The incidence of AKI increases during wintertime; weather conditions, such as air temperature and relative humidity level are associated with AKI; humidity level is an independent predictor of AKI occurrence and could partly explain and mediate the observed seasonal variations.
Seasonality patterns in human illnesses are a well-recognized phenomenon since Hippocrates . In particular, variations in the seasonal patterns of cardiovascular diseases, infectious diseases, respiratory diseases have been already described [10,11,12,13,14]. Most studies reported “winter peaks” in cardiovascular , respiratory  and infectious  related hospitalizations and mortality. A complex interaction between individual susceptibility and environmental factors could justify such relationship.
Recently, a Japanese study  was the first to describe a seasonality pattern of AKI. The authors, analyzing a historical cohort of hospitalized patients, documented an increase in incidence rates of AKI during winter period. As reported, an increase in cardiovascular and pulmonary diseases during wintertime, might partly explain such association. Although not investigated, authors concluded that weather conditions should also be considered.
In our study AKI occurred in 4.4% (2864/64,610) of hospitalized population. Cardiovascular diseases were the most common disorders associated with kidney injury. As reported in Table 3 and Fig. 2, and similarly to the aforementioned Japanese study, we observed a “winter peak” in kidney injury. Although this relationship could partly be justified by an increase incidence in common diseases generally associated AKI during wintertime (we found an increased prevalence in AKI patients of respiratory and cardiovascular diseases in winter, [Table 2]), an independent association persisted even after adjustment for all covariates.
In order to better understand this independent seasonal variation, we investigated the possible relationship between kidney injury and weather conditions. We found that higher relative humidity level and lower air temperature were associated with risk of AKI development. However, after multivariable adjustement, only humidity level showed and independent relationship with kidney injury. Furthermore a “mediate” role of humidity level on the relationship between winter period and AKI emerges from the analysis. Even if mediation analysis does not imply causal relationships (unless it is based on experimental design) a significant mediation of humidity on AKI seasonality exists. According to our data about the 52% of the winter effect on kidney event is mediated by the humidity level.
It is difficult to explain such relationship. As for cardiovascular diseases [11, 21] from our study it emerges a complex and significant interaction between environmental conditions (temperature and humidity) and kidney diseases. We can speculate that given the strong association between cardiovascular and kidney diseases, these could follow a similar seasonality pattern and a similar response to weather conditions. Air temperature and humidity level are the major determinants of the human core temperature. As already reported, cold exposure provokes physiological changes potentially harmful for the cardiovascular system [21, 22]. Core temperature decline is followed by peripheral vasoconstriction, sympathetic activation which results in an increase in heart rate and blood pressure. In this way it could have adverse and detrimental effects especially in people with underling or sub-clinical kidney suffering. How humidity could affect the kidney is unclear. However, the association high humidity and low temperature was shown to have the greatest impact on cardiovascular mortality in a Chinese study compared to all other possible combination of temperature and humidity levels .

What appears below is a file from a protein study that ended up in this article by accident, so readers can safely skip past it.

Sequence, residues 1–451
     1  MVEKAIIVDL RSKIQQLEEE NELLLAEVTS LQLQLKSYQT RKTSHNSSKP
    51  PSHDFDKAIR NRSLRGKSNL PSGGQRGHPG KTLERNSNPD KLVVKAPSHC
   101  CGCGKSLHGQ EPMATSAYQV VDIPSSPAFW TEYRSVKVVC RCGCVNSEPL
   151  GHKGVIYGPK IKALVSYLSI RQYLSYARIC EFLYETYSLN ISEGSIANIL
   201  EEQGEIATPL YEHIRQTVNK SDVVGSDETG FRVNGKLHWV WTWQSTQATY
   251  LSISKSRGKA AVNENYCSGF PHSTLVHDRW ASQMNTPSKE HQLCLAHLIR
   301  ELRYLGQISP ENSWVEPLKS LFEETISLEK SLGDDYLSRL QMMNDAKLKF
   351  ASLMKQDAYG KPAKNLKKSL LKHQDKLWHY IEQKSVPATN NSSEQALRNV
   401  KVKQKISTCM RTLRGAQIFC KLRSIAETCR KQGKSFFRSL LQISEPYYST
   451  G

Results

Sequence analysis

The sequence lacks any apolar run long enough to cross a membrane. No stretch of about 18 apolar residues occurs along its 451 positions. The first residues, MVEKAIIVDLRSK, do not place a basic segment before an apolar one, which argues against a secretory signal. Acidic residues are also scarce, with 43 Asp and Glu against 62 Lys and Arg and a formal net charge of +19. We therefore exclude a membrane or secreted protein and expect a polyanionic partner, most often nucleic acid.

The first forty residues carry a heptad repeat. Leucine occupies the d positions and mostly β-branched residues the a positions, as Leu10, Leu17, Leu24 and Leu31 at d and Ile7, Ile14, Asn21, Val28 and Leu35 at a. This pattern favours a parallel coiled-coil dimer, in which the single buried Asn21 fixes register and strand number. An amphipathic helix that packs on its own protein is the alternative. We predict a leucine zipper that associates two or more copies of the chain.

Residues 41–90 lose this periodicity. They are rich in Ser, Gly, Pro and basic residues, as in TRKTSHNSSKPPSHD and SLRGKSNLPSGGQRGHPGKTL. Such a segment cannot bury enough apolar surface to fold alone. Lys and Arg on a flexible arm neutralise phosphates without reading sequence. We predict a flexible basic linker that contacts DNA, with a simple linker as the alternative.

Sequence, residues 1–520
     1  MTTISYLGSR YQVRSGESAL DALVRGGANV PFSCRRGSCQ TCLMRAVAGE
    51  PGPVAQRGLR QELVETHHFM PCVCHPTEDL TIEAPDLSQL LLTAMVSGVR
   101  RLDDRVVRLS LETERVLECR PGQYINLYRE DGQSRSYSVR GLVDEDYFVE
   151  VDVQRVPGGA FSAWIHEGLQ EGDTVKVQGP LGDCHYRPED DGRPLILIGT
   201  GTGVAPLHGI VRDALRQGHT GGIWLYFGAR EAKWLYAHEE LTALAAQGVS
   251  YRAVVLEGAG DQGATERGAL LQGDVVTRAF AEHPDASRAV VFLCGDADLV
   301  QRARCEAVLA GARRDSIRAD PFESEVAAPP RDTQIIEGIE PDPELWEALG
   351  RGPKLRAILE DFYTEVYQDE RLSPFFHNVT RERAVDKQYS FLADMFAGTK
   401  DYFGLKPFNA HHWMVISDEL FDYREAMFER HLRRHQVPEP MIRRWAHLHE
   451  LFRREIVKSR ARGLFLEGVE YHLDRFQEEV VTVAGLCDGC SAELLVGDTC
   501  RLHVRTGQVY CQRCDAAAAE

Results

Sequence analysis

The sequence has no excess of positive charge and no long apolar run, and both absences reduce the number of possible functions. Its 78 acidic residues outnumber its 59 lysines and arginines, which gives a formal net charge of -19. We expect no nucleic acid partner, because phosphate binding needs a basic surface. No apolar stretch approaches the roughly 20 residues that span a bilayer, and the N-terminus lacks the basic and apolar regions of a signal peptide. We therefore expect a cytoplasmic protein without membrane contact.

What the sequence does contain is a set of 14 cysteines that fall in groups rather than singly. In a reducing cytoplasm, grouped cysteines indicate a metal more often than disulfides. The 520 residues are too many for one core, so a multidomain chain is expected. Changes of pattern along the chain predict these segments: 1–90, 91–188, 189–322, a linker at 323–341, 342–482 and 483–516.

Some limitations in our study must be considered. Ours is a monocentric study with a retrospective design; furthermore, we used ICD-9-CM codes for comorbidities assessment and for risk adjustment. On the other hand, we determined the Charlson/Deyo comorbidity index, a validate score based on ICD-9-CM diagnosis codes. Furthermore, we were unable to define the representativeness of our hospital for database limitations.
Ours is the first study describing AKI seasonality in a European cohort and the first one demonstrating an association between weather conditions (humidity levels) and AKI development.
We conclude that AKI has a seasonal pattern and a significant increase in incidence during wintertime; the seasonality is not explained by common clinical factors. On the other hand, weather conditions, particularly humidity level, are associated with the observed seasonal variations. It remains to be understood if such an association is independent or due to other unknown variables. The climate and its influence on body physiology could represent a new element to be considered and investigated in AKI epidemiology.
Availability of data and materials
The datasets used and/or analysed during the current study are available from the corresponding author on reasonable request.
Acute kidney injury
End Stage Kidney Disease
International Classification of Diseases, Ninth Revision, Clinical Modification
Estimated glomerular filtration rate
Chronic Kidney Disease Epidemiology Collaboration
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Ethics approval and consent to participate
The ethics committee of Fondazione Policlinico Universitario A. Gemelli IRCCS approved the research protocol (Prot. number 34327/18 ID 2210).
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Lombardi, G., Gambaro, G., Pertica, N. et al. Seasonality of acute kidney injury in a tertiary hospital academic center: an observational cohort study. Environ Health 20, 8 (2021). https://doi.org/10.1186/s12940-021-00691-5
- Acute kidney injury
- Epidemiological study
- Weather conditions